Use art to help increase environmental awareness
May 25, 2017
As an artist, I'm always looking for new ways to use my talent to create awareness for environmental issues. I'm wondering if there are any local art projects I can get involved with? – Ben, Dillon
Thank you for your question this week, Ben. I will do my best to draw up an answer for you! Ever since the November election, there has been an increase in environmental art used for awareness-raising purposes. People are tapping into their creative minds in hopes that their work will spur emotion, dedication, support and unity. For example, photographer Chris Jordan puts over-consumption into perspective by capturing the waste left behind by humans. From massive piles of cellphones to crushed cars, he's using his talent to showcase the appalling debris from human waste. As I'm sure you've seen, recent news has covered a lot of sensitive topics such as EPA funding, the Clean Water Act, offshore drilling and climate change. Creating art to cultivate environmental awareness is a great way to break some barriers and create dialogue.
Art can be a great tool for creating awareness, but you must be wary about your messaging. Unlike news articles, art can be interpreted in several ways based on an individual's viewpoint. While this can benefit a lot of artists, you'll want to narrow down your focus if you really want to convey your piece towards a specific purpose.
So, how can you get involved in the local art scene? A great place to start is to visit BreckCreate's website and check out upcoming installations, events and workshops. One event to check out is the WAVE Festival happening June 1–4 by the Riverwalk in Breckenridge. This free Light + Water + Sound festival will feature illuminated sculptures, interactive art and digital projections on the riverfront. BreckCreate has partnered with High Country Conservation Center on the "Recycled Rain" installation and is looking for participants to help build the art piece which will be constructed with 1,000 used plastic bottles. Interested in helping to bring "Recycled Rain" to life? Head over to the Blue River Plaza in Breckenridge on June 1 from 5–7 p.m.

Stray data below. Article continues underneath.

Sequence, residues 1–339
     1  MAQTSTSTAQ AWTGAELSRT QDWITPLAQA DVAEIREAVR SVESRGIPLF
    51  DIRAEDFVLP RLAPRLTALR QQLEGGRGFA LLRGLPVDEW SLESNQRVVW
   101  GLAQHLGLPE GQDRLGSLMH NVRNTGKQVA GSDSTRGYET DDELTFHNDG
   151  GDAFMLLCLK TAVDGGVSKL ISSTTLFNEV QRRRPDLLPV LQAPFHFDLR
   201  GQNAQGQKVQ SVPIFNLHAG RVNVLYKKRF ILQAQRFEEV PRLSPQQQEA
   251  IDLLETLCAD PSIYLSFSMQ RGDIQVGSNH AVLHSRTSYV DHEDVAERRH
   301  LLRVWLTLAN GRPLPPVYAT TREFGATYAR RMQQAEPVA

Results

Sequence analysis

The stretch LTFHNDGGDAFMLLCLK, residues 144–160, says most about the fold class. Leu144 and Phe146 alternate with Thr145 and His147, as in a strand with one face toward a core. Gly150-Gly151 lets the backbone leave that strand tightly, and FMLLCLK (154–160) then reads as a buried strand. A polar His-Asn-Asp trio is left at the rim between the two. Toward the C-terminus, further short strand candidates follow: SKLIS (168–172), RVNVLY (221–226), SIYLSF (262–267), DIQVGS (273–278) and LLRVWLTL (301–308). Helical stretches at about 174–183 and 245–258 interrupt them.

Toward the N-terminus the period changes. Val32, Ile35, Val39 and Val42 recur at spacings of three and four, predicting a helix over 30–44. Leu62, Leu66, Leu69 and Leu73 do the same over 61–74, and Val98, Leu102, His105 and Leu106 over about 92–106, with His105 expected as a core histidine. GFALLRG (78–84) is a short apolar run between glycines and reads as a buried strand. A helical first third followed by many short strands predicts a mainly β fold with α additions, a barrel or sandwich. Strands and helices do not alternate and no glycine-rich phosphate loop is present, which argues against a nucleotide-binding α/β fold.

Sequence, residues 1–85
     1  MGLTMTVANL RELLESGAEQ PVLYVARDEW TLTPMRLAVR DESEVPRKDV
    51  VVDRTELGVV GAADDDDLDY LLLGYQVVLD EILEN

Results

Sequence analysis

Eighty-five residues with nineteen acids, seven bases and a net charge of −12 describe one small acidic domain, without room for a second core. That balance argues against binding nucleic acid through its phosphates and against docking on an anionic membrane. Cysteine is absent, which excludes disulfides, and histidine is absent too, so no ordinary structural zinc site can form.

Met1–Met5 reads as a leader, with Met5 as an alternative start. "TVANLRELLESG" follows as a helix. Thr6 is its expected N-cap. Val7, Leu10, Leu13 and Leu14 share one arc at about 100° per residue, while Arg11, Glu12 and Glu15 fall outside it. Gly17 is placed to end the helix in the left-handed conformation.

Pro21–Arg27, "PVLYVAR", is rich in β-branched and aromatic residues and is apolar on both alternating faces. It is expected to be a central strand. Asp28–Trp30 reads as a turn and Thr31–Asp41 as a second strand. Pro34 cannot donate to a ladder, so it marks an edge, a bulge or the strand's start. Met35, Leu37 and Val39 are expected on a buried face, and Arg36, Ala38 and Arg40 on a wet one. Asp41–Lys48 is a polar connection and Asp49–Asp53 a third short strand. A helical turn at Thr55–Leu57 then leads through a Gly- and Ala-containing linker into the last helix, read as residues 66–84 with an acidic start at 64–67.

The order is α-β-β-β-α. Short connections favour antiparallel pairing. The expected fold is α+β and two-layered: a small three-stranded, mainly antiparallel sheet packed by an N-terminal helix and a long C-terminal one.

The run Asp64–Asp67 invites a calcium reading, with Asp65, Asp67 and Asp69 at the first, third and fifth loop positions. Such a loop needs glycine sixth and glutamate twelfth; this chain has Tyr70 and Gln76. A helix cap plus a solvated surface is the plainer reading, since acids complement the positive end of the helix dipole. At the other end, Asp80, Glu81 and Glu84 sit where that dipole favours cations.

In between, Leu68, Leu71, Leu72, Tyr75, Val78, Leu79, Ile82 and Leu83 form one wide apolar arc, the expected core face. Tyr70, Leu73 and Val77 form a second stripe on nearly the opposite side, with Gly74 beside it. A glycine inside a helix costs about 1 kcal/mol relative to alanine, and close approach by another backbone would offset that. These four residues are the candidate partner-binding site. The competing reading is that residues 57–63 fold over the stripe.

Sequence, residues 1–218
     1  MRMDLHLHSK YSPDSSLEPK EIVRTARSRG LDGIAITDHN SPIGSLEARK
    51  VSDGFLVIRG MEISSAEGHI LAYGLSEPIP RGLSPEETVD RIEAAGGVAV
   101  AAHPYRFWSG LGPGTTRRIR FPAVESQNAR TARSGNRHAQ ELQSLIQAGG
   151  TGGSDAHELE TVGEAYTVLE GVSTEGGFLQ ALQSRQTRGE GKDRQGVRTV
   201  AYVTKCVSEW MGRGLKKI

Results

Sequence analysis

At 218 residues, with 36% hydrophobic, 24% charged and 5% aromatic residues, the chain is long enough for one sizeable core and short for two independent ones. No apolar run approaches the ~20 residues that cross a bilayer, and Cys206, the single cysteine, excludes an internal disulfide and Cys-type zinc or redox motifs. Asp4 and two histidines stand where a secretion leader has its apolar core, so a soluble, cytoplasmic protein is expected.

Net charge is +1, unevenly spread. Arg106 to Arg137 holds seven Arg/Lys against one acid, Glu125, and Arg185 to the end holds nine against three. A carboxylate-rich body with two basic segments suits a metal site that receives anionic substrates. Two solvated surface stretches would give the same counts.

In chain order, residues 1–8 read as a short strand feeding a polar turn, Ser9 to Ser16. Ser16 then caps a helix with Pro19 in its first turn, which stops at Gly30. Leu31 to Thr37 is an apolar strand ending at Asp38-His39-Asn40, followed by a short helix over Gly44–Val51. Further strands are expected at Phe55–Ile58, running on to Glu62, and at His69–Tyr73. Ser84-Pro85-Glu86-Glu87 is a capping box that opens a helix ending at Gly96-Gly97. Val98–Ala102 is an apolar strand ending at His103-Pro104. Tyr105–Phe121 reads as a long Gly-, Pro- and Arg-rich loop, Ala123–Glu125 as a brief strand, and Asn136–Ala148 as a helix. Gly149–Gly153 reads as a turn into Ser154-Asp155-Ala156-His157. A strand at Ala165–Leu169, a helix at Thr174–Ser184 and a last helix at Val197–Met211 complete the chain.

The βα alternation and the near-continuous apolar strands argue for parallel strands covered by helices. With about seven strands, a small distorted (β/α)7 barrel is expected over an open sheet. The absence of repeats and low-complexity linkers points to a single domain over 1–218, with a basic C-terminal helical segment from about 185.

You could also consider creating your own usable trash-to-treasure at home. There are many ways you can reuse items for a new purpose, and while you may not consider this art, at least it's keeping things out of the landfill! You'll also become an inspiration for friends and family who might get inspired to create their own pieces from "trash." As an example, you can use tin cans to create beautiful upcycled planters. Or, take that old milk jug and use it as a season extender for your garden! These ideas and many more can be found by simply searching for "DIY upcycled projects" on the web.
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Another great way to support local art aiming to create environmental awareness is to take pictures at art events or rallies you attend and share them amongst friends and social media contacts. The more attention artists and art festivals receive for their work, the more impactful the work becomes. Just think about how many movements you see on Facebook or Instagram. I know that there are many I wouldn't have known about if it wasn't for my friends sharing updates. Who knows, the one person you share it with may be moved to change something in their own life.
Whether you are an avid artist and want to create artwork to inspire change or you just want to become involved in your community, showing appreciation for and participating in our local art scene can help increase exposure and awareness for society's pressing issues.
Ask Eartha Steward is written by the staff at the High Country Conservation Center, a nonprofit organization dedicated to waste reduction and resource conservation. Submit questions to Eartha at firstname.lastname@example.org.
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